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Question Is there any information related to dry (ie low humidity air) and its potential effect on static charge buildup? - Russell Morris, The Boeing Co, Seattle, WA,
Answer Here’s some general information regarding humidity and ESD control. Please ask any additional specific questions to

The ESD Association has a new ESD Handbook ESD TR 20.20-2000. Under Triboelectric Charge, it states:
“It is well known that static electricity, in the form of static cling and static shocks are more prevalent when the air is dry. Heating interior air in the winter months dries out the already dry air in the higher latitudes.”

Per ANSI/ESD S20.20 Fundamental Principle “All conductors in the environment, including personnel, must be bonded or electrically connected and attached to a known ground” If this is reliably done, the higher charge generation due to low humidity is not a problem.

With low humidity charges on insulators will be much higher so more important is the S20.20 section Protected Areas Requirement
“All nonessential insulators, such as those made of plastics and paper (e.g. coffee cups, food wrappers and personal items) must be removed from the workstation. Ionization or other charge mitigating techniques shall be used at the workstation to neutralize electrostatic fields on all process essential insulators if the electrostatic field is considered a threat.”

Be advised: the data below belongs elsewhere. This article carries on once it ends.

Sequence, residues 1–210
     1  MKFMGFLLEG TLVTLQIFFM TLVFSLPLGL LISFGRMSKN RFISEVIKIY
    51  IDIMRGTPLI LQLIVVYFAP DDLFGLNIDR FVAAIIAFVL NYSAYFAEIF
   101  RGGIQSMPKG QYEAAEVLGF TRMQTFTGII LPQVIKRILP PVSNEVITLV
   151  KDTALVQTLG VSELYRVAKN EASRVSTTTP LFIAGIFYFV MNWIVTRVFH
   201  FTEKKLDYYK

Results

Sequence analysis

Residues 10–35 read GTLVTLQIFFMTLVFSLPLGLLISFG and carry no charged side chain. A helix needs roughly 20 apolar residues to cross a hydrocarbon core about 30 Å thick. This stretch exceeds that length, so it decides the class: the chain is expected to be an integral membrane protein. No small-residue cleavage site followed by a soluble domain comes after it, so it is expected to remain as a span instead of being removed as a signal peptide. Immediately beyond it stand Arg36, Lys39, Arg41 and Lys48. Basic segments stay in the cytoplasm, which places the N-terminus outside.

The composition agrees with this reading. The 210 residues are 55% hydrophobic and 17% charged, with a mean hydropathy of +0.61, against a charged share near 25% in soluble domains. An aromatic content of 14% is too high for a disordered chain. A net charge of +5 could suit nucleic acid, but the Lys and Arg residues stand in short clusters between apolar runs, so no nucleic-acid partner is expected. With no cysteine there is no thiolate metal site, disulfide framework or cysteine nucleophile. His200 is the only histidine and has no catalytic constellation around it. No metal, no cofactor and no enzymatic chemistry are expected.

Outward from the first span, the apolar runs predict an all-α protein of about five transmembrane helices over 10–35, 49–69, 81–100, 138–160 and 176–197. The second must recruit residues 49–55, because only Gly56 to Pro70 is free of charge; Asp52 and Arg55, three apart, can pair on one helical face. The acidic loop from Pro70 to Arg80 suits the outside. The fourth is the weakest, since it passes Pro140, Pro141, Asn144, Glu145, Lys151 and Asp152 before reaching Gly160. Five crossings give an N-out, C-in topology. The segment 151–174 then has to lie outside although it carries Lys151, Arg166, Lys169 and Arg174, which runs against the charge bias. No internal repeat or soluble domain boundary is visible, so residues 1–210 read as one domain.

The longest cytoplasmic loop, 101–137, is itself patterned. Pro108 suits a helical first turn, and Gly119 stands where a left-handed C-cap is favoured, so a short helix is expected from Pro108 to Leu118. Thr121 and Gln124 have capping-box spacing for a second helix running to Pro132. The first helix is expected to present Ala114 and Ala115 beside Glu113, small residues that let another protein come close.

From ESD Handbook TR 20.20 paragraph 5.3.15 Humidity “Humidity is beneficial in all ESD Control Program Plans. Contact and separation of dry materials generates greater electrostatic charges than moist materials because moisture provides conductivity that helps to dissipate charge. For this reason, ESD effects are most noticeable in the winter since heating systems reduce building environment moisture. Geographic location (desert vs. coastland) is also a major contributor to ambient conditions inside buildings. Any circumstance that results in a low relative humidity will permit a greater accumulation of electrostatic charges. Relative humidity above 30 percent in ESD protective areas is desirable as long as other adverse conditions are not created as a result of humidity levels. Generally speaking an upper limit of 70 percent is desirable to prevent corrosive effects on the metal portions of electronic devices and assemblies.”
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